There is also the need for West African journalists to understand that in a plural or heterogeneous society it is normal to have or expect other per- [page-number of print ed. As Kunczik [ He must always ask himself: Is my report fair? Journalists must also avoid scapegoatism - that is, giving the impression that there is an individual, a group ethnic, linguistic, religious, political, etc. In talking to them about ethics of the profession, the fact must be stressed that in reality these norms are extremely difficult to realise, if not impossible, and that they call for extra effort from the journalist on a day to day basis.

The training programmes must be tailored more and more towards the real as opposed to the imagined or the imposed needs of Cameroon as a developing country in search of basic freedoms and betterment for the majority of its peoples. For as Kunczik rightly maintains, "development journalism needs strong, courageous, socially engaged people willing to make sacrifices and able to stand conflicts, because development journalism is irreconcilable with servile government-say-so journalism.

The then technically improved journalism can be used to manipulate the population and for government propaganda. Any curriculum that aims at addressing ethical issues must strive to improve the intellectual skills of the students in order for [page-number of print ed. Such insistence would only weaken the professional dimension of the training programme.

Any training school should aim at preparing students to face difficult and ever changing political and economic situations "by equipping them with the proper skills to do their work with accuracy, initiative and loyalty. Conclusion In this paper we have discussed how the rise of multiparty politics and attempts at liberalisation of society in West Africa have resulted in an unprofessional and unethical journalism.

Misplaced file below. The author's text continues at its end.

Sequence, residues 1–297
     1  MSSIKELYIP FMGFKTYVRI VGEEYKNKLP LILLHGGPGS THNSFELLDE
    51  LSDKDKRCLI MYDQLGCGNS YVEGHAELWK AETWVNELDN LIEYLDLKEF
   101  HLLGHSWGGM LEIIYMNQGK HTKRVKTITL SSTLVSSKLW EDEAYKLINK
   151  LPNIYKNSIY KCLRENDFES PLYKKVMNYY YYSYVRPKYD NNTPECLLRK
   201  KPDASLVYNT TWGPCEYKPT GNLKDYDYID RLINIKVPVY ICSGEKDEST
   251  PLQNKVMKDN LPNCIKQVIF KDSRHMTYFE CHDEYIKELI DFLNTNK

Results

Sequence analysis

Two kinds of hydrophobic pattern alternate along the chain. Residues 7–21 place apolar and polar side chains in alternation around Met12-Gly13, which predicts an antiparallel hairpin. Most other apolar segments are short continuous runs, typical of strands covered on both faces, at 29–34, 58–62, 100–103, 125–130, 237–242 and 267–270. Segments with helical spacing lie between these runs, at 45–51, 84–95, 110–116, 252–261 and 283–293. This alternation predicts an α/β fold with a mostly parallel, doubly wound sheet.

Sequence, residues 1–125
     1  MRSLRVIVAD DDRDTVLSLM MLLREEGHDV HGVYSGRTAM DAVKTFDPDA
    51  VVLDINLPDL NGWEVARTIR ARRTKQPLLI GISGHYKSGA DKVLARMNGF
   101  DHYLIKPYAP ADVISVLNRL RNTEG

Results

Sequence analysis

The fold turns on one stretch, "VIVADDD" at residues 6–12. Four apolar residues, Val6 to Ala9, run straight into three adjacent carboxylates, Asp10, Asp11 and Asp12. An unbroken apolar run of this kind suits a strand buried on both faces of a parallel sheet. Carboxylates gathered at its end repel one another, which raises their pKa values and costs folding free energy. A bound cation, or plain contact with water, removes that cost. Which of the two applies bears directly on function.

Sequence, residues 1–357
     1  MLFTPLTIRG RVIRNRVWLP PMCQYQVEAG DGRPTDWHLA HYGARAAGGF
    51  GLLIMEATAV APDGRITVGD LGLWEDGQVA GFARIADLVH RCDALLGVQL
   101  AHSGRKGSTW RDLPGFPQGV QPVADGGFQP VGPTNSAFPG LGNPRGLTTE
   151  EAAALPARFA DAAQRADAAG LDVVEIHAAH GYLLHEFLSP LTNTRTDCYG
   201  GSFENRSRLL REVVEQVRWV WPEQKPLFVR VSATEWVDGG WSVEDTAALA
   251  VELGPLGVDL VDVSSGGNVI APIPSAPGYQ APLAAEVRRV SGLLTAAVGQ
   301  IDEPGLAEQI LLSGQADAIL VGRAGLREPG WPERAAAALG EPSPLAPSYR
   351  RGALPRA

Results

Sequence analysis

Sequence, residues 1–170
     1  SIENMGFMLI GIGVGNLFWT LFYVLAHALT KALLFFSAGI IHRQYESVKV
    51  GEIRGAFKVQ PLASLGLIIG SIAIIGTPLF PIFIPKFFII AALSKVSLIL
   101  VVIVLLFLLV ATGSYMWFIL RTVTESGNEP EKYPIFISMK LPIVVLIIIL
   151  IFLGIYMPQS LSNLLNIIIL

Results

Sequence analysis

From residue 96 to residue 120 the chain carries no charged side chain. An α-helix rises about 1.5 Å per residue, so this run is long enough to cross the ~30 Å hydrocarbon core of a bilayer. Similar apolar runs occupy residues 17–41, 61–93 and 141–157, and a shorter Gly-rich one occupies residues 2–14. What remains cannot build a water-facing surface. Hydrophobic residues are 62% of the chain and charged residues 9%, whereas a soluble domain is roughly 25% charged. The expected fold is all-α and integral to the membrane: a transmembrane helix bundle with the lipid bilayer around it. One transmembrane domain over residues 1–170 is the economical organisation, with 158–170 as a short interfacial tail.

It is a shortcoming for which journalists, politicians and other pressure groups in society share the blame in one way or another. The call for a more responsible and professional approach to journalism has come not only from politicians and concerned segments of the public, but also from fellow journalists. Thanks to local initiatives supported by Western NGOs and institutions, journalists have created associations and unions and adopted ethical codes of conduct.

But this is far from solving the ethical crisis in African journa- [page-number of print ed. For a viable and meaningful ethic of journalism to come about in Africa, there is need for a conscious, conscientious effort that draws not only from the experiences and concerns of journalists and politicians, but also from those of the wider society, especially the silent majorities who are still in touch with the often marginalised mainstream cultures and values of Africa.